Erdogan threatens to restart Syria operation Tuesday if deal not respected

Turkish President Tayyip Erdogan talks media members in Istanbul, Turkey. (Reuters)
Updated 18 October 2019

Erdogan threatens to restart Syria operation Tuesday if deal not respected

  • The NATO allies agreed Turkey would suspend its offensive for five days in northern Syria while Kurdish fighters withdraw from the area
  • "If the promises are kept until Tuesday evening, the safe zone issue will be resolved. If it fails, the operation... will start the minute 120 hours are over," Erdogan said

ISTANBUL: Turkish President Recep Tayyip Erdogan Friday warned that Ankara would restart its operation against Kurdish forces in Syria on Tuesday evening if they do not withdraw from a "safe zone".
After US Vice President Mike Pence came to Ankara for talks with Erdogan on Thursday, the NATO allies agreed Turkey would suspend its offensive for five days in northern Syria while Kurdish fighters withdraw from the area.
"If the promises are kept until Tuesday evening, the safe zone issue will be resolved. If it fails, the operation... will start the minute 120 hours are over," Erdogan told reporters during a foreign media briefing in Istanbul.
He said Turkish armed forces would remain in the region "because the security there requires this", adding that there had been no issues so far.
But the Syrian Observatory for Human Rights said Friday there were Turkish air strikes on the village of Bab al-Kheir, east of Ras al-Ain on the border. The war monitor said 14 civilians were killed.
Turkey launched the cross-border incursion on October 9 after repeatedly threatening to clear the border area from the Kurdish People's Protection Units (YPG) militia.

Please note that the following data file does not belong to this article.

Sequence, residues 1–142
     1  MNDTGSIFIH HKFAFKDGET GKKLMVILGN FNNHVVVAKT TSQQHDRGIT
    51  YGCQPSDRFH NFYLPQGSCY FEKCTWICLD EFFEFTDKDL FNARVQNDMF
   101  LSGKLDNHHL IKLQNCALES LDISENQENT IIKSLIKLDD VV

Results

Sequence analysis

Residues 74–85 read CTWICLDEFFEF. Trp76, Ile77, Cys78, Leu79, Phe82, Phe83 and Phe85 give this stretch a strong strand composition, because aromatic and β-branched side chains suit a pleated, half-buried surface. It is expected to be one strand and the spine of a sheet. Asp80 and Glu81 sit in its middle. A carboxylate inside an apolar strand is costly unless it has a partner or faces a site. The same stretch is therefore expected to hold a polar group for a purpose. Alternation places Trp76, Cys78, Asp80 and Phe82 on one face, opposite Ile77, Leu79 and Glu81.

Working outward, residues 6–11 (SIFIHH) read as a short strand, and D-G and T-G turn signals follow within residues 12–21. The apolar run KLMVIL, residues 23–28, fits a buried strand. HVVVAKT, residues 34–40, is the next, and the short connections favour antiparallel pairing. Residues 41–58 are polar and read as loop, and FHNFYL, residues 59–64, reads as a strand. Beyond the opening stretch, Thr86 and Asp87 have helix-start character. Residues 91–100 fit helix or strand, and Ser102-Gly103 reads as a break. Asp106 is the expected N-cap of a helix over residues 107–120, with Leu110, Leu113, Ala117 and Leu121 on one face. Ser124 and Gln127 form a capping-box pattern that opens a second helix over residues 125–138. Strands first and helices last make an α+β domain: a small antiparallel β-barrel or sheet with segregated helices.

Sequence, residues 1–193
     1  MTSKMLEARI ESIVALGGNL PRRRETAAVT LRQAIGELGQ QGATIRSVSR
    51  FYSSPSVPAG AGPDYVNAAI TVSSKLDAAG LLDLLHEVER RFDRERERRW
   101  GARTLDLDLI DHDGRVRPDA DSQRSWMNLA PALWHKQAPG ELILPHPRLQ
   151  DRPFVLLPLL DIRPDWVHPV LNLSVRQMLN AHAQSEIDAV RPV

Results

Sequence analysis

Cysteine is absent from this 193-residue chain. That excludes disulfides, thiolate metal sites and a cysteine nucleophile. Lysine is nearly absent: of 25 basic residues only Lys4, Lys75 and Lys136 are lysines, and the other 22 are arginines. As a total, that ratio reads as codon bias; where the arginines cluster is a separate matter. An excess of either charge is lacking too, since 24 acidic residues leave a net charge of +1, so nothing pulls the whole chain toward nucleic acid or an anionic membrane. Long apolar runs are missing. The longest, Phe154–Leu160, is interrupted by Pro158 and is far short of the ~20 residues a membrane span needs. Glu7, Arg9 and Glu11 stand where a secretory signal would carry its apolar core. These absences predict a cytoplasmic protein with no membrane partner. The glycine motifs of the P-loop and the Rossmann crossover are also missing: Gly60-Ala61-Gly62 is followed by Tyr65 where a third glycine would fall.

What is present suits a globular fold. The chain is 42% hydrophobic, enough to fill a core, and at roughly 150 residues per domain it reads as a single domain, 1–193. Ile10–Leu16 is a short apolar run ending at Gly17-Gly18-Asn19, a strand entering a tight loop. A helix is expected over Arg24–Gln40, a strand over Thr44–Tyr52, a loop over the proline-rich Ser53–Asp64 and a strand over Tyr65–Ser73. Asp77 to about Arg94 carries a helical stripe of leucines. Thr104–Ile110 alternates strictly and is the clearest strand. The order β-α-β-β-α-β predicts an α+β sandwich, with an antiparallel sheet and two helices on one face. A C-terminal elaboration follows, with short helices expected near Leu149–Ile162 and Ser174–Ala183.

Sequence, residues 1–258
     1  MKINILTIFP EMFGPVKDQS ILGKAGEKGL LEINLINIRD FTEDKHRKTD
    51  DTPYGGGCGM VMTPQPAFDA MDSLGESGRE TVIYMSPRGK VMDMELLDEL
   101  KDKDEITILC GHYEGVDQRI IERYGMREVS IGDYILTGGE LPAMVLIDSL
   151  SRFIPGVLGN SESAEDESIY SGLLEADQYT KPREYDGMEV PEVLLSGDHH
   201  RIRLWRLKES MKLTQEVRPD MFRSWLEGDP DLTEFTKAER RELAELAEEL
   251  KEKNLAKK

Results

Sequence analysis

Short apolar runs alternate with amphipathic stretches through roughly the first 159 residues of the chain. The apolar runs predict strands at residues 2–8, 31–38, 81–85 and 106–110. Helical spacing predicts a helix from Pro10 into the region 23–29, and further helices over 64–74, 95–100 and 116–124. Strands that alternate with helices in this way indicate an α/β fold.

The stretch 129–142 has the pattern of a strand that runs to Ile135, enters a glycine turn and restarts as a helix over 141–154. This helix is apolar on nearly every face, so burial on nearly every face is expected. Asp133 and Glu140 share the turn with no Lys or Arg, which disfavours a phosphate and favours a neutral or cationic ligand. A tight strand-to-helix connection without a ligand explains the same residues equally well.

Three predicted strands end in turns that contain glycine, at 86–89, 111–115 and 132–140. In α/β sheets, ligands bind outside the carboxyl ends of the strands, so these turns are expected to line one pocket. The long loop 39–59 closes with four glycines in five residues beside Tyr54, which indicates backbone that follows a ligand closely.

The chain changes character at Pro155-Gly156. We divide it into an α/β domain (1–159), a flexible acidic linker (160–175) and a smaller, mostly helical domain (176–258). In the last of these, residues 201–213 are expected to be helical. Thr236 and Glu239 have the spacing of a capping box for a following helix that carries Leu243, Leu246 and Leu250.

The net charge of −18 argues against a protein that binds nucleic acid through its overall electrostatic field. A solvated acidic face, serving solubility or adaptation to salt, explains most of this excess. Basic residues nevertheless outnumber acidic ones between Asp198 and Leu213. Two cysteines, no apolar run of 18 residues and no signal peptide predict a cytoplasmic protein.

The Turkish forces are supporting Syrian rebel fighters under the "Syrian National Army" banner but the proxies have been accused by Amnesty International of committing "war crimes" including summary executions.
Erdogan also condemned the abuses that some Syrian proxies are accused of committing during the offensive.
"Whoever commits such an act is no different from (the Islamic State group). We cannot accept such a thing," he said, adding that the army was investigating the claims.
Kurdish authorities in northeastern Syria also accused Turkey of resorting to banned weapons such as napalm and white phosphorus munitions, which Erdogan denied.
"There are certainly no chemical weapons in the inventory of our armed forces. This is all slander against our armed forces," he added.
He accused the YPG of freeing nearly 750 IS extremists including 150 Turks but said 195 of them had been caught.

While US President Donald Trump appeared to initially green light the offensive, he made repeated threats against Turkey, often in tweets, following international outrage.
He then sent Pence and the US Secretary of State Mike Pompeo with other US officials to Ankara to thrash out a deal, which was announced on Thursday after hours of talks.
Erdogan said the "safe zone" would be 32 kilometres (20 miles) deep, and 444 kilometres in length, not between Kobane and Tal Abyad, and patrolled by Turkey.
He added that the region between the border towns of Tal Abyad and Ras al-Ain had been cleared, "but this is not over. The process is ongoing."
Pointing to a map, he said 12 observation posts would be set up to monitor the zone.
But, he said, "We have no intention to stay there. This is out of the question."
Just hours before the US-Turkey talks, a bizarre letter appeared in the US media from Trump to Erdogan, in which the US leader urged Erdogan not to be a "fool" and warned his Turkish counterpart that history risked branding him a "devil."
Turkish media reported that Erdogan had "binned" the letter.
Erdogan said Friday the letter was not in line with "political and diplomatic courtesy... but our mutual love and respect does not allow us to keep it on the agenda."